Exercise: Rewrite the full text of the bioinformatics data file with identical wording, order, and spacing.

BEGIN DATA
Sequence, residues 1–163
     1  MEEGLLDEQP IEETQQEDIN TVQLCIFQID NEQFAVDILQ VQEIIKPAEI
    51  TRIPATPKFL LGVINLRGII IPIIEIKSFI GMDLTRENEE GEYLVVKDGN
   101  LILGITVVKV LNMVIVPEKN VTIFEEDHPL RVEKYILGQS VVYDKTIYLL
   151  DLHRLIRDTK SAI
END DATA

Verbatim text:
Sequence, residues 1–163
     1  MEEGLLDEQP IEETQQEDIN TVQLCIFQID NEQFAVDILQ VQEIIKPAEI
    51  TRIPATPKFL LGVINLRGII IPIIEIKSFI GMDLTRENEE GEYLVVKDGN
   101  LILGITVVKV LNMVIVPEKN VTIFEEDHPL RVEKYILGQS VVYDKTIYLL
   151  DLHRLIRDTK SAI